German chemical giant moves its transgenic plant operations from Europe to the US
German chemical giant BASF has announced that it will halt the development or commercialisation of genetically modified (GM) crops in Europe, and move its biotech R&D operations to the US. The firm cited consumer and political resistance to transgenic plants in Europe for its decision.
BASF will now concentrate its plant biotechnology activities in North and South America, and the headquarters of BASF Plant Science will be moved from Limburgerhof, Germany, to Raleigh, North Carolina, US. BASF expects that this will result in the loss of 140 jobs in Europe.
’We are convinced that plant biotechnology is a key technology for the 21st century,’ said Stefan Marcinowski, a member of BASF’s executive board. ’However, there is still a lack of acceptance for this technology in many parts of Europe - from the majority of consumers, farmers and politicians. Therefore, it does not make business sense to continue investing in products exclusively for cultivation in this market.’
BASF’s decision was met with warnings from industry representatives and lobbyists, but celebration by others, including environmental advocates and at least one former industry insider.
Presently, only two GM crops are authorised for cultivation in the EU: MON810 maize, made by US-based Monsanto, and BASF’s Amflora potato. MON810 is only approved for sale as an animal feed and starch from Amflora is used in industrial processes.
Maurice Moloney, the chief executive of Rothamsted Research in the UK, which has been engaged in GM work, said that moving the focus of crop science even further away from Europe is ’deeply regrettable’. Such a move will ’make innovative new technologies, including but not limited to GM, less available to European producers and consumers and carries the risk of denying them access to crops and foods with health and environmental benefits,’ he added.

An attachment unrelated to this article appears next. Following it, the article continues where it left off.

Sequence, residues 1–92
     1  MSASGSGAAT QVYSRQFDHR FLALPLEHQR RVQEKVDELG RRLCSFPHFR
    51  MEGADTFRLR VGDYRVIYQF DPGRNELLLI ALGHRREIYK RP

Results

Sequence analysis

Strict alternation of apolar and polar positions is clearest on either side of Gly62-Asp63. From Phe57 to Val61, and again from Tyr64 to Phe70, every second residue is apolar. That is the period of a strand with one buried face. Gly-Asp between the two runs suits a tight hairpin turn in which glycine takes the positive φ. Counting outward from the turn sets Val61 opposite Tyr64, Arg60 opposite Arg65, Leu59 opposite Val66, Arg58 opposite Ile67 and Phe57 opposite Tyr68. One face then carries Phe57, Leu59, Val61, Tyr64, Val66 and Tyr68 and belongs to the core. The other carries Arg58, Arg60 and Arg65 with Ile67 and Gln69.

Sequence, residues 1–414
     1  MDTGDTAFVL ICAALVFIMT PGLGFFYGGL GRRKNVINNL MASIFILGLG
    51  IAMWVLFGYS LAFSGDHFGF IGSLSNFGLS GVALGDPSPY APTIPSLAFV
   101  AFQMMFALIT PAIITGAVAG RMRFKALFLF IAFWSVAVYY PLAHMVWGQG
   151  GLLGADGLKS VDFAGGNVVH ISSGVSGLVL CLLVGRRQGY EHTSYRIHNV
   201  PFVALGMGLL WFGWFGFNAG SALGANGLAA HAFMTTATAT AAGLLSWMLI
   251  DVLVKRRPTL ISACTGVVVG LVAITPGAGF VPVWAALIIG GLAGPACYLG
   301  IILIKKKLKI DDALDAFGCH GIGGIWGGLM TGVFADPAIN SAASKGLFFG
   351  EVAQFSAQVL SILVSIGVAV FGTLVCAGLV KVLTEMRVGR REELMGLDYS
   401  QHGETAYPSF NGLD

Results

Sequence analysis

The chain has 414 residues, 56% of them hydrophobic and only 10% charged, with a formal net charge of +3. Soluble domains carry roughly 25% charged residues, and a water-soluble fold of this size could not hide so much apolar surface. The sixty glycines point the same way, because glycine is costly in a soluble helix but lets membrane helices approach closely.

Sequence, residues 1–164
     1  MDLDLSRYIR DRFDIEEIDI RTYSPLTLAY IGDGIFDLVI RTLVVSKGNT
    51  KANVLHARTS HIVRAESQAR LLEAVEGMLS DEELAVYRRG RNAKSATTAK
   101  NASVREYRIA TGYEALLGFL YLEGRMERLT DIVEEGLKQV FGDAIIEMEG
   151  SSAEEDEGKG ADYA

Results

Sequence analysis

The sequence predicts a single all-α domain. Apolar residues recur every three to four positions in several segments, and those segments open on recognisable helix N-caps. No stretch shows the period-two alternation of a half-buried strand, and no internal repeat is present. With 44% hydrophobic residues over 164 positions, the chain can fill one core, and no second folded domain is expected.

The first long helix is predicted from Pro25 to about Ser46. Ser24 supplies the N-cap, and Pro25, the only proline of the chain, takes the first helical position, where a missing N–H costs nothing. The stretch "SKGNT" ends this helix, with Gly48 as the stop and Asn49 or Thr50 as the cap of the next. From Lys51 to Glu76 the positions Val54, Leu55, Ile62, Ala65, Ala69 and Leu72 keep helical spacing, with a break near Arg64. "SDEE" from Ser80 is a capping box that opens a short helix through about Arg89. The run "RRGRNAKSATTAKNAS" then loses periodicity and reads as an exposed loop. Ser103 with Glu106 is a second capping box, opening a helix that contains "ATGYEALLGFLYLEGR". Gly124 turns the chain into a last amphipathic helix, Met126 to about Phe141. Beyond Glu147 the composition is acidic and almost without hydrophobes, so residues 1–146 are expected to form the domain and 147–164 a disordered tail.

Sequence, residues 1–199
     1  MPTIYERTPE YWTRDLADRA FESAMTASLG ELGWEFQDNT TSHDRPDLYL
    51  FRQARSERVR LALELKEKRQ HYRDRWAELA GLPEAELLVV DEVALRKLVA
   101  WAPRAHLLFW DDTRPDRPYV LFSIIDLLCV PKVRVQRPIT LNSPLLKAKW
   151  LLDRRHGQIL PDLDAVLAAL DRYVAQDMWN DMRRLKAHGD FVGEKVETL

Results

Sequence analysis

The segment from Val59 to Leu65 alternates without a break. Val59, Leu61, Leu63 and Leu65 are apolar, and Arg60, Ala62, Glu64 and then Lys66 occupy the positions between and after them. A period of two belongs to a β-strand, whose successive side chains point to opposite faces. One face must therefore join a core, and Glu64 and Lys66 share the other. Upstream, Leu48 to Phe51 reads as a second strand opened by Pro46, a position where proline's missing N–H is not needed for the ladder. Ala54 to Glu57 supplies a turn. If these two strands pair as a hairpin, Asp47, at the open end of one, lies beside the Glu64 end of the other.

BASF’s decision is likely to adversely affect Europe’s economic growth and food supply, Moloney warned. ’It is ironic that much of the science that created modern biotechnology came from Europe and yet Europeans have been deprived of the environmental benefits such as the reduction of the use of pesticides and improved soil quality as well as the more obvious economic benefits of cheaper food and agricultural products,’ he said.
In addition, Alan Dewar, an independent entomologist who directs Dewar Crop Protection and used to be head of entomology at a division of Rothamsted Research, called BASF’s decision to quit Europe ’indicative of the ever increasing isolation that European scientists find themselves in’. Dewar highlighted ’inadequate sentences’ handed down by judges in several European countries to protestors who have been ’caught red-handed’ destroying GM field trials, saying it is not surprising that biotech crop research has stalled in Europe.
But Ignacio Chapela, a microbial ecology professor at the University of California, Berkeley and senior researcher with the Centre for Biosafety in Norway, says that genetically modified organisms have been overhyped and that the industry needs to be significantly trimmed down.
’The size of the GMO market should be much smaller, but it is being promoted very strongly with the full force of the US government,’ Chapela says, who formerly worked for Swiss firm Sandoz, Sygenta’s predecessor, developing new agrichemicals. He says much publicised claims that GM crops would cut levels of herbicides and insecticides in the food chain have failed to materialise and, in fact, many of these products have led to more of both.
The environmental group Friends of the Earth (FoE) Europe also celebrated BASF’s announcement. ’This is another nail in the coffin for genetically modified foods in Europe,’ said Adrian Bebb, agrofuels campaign coordinator for FoE Europe. ’This is a good day for consumers and farmers and opens the door for the European Union to shift Europe to greener and more publicly acceptable farming.’